Thursday, June 29, 2017
Book Review: 'This Is What You Just Put in Your Mouth?: From Eggnog to Beef Jerky, the Surprising Secrets' by Patrick Di Justo
Jack LaLanne said “If man made it, don’t take it.” Patrick Di Justo tells you why. The chemicals and poisons we consider safe and normal (and nutritious!) are in every manufactured food. The names are unpronounceable and totally forgettable, but their effect can be longlasting and life threatening. This compendium explains not just where they come from and what they do at the molecular level, but even how they interact with the other ingredients. This is a true value service.
He sold me with the very first one, A-1 Steak Sauce. The clever strategy shown by the choice of ingredients is fascinating. The comments by Alton Brown add immeasurably to color and understanding. It sets you up for a bumpy ride through all kinds of foods and dry goods, including the backstory of researching the item.
It is a tribute to Di Justo that something this technical has come out so pleasant to read. He has the Benchley touch of gentle, mocking and self mocking humor. It makes you want to read descriptions you would otherwise skip – because you might miss a punchline. He plays on the chemical names, mocks our values and tosses off double entendres. Then to my surprise, he acknowledges his debt to and admiration for Robert Benchley. For that alone, he ranks a cut above other short form writers.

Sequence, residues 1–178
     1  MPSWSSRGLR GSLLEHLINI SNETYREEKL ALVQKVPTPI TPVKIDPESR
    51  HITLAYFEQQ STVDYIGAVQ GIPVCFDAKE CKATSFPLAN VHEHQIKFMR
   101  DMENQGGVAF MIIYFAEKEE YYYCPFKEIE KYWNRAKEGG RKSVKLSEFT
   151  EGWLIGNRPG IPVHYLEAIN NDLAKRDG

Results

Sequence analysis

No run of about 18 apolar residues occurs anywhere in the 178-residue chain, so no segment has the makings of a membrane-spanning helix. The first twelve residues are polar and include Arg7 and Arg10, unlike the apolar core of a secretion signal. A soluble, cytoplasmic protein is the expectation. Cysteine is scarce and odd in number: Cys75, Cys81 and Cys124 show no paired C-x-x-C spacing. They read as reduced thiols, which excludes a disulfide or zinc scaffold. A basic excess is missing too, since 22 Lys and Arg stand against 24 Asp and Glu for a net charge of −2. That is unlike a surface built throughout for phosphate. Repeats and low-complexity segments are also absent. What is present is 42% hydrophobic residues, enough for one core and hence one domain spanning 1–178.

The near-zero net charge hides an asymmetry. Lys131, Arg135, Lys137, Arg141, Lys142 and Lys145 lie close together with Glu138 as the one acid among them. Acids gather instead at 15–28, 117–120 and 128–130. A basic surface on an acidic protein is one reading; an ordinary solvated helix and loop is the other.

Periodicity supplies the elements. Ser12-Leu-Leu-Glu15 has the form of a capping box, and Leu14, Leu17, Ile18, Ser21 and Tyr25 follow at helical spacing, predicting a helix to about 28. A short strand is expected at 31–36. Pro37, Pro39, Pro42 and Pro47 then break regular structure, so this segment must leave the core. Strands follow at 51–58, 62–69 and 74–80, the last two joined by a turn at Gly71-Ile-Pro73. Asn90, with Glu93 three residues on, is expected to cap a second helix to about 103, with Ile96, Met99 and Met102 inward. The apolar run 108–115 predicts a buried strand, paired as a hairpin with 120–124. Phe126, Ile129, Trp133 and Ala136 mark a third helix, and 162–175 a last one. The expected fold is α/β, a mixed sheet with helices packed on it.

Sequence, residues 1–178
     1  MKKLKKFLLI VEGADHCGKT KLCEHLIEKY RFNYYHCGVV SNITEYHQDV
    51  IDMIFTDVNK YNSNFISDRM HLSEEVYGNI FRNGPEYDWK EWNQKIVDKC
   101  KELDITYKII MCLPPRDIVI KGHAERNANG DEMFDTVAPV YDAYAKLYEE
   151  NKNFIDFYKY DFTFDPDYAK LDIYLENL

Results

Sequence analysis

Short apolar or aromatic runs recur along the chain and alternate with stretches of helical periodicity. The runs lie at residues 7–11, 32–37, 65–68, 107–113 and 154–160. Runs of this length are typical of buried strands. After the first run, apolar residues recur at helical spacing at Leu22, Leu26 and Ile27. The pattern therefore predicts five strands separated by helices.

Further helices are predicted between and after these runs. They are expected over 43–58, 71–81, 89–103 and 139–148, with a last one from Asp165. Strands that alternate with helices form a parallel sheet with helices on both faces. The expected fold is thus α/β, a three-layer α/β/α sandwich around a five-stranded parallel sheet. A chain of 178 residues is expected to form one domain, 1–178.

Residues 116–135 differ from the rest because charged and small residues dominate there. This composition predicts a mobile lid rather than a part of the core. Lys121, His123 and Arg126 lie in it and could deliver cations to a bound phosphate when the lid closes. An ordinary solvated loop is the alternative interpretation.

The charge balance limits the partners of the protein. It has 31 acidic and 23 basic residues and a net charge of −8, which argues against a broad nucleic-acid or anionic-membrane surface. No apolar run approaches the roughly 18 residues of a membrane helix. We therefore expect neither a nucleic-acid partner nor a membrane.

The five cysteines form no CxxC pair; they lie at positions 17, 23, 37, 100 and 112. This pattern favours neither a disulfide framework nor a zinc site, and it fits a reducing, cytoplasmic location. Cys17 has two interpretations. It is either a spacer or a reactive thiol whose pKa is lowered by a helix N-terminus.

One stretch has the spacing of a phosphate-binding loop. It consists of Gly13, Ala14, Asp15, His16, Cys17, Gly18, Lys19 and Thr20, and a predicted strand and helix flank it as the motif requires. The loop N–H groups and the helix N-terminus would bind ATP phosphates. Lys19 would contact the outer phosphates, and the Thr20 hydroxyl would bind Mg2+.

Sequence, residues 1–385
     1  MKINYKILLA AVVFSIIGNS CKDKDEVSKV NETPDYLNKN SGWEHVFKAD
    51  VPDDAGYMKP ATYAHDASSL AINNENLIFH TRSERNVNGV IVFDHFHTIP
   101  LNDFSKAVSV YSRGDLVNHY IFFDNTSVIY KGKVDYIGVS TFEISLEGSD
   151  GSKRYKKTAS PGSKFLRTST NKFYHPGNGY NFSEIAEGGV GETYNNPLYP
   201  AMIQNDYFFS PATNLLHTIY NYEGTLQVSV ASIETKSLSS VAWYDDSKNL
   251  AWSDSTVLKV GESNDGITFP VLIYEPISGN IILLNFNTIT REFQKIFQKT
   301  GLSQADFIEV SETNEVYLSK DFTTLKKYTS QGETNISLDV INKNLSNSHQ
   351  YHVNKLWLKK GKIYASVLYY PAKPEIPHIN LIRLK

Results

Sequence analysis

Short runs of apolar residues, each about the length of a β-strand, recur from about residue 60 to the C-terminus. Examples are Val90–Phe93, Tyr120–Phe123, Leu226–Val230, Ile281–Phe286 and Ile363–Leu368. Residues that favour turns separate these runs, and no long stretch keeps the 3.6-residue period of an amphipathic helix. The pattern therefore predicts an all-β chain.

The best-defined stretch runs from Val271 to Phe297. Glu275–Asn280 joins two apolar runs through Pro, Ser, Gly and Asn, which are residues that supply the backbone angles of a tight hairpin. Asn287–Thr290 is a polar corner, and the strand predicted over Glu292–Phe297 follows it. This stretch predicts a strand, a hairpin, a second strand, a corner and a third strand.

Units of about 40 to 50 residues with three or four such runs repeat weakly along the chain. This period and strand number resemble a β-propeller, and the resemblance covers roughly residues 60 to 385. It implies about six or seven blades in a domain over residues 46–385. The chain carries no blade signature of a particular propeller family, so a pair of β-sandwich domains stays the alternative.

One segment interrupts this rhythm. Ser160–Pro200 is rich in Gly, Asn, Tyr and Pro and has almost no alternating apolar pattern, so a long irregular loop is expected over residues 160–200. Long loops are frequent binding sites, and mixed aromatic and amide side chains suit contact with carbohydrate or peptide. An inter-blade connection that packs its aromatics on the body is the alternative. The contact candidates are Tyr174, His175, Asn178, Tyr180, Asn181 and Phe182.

This is also serious journalism. Di Justo dug deeply into biology, chemistry, politics and corporate barriers to information to put together as comprehensive an explanation as you will ever see of these products. He wrote them for Wired, and the oversight of an editorial staff shows clearly, compared to the superficial pap of blogs we see daily. There is discipline and dogged pursuit in every page. It is a reminder of the way things should always be.
The one glaring omission in this book is an INDEX. If you pick up a product and wonder what an ingredient does, you can’t come here to find it because the chemical names are not listed in the back. You will never find them looking at every page. Buy the e-book instead. It is searchable. It makes this horror story into a reference work.
Editor's note: This review has been published with the permission of David Wineberg. Like what you read? Subscribe to the SFRB's free daily email notice so you can be up-to-date on our latest articles. Scroll up this page to the sign-up field on your right.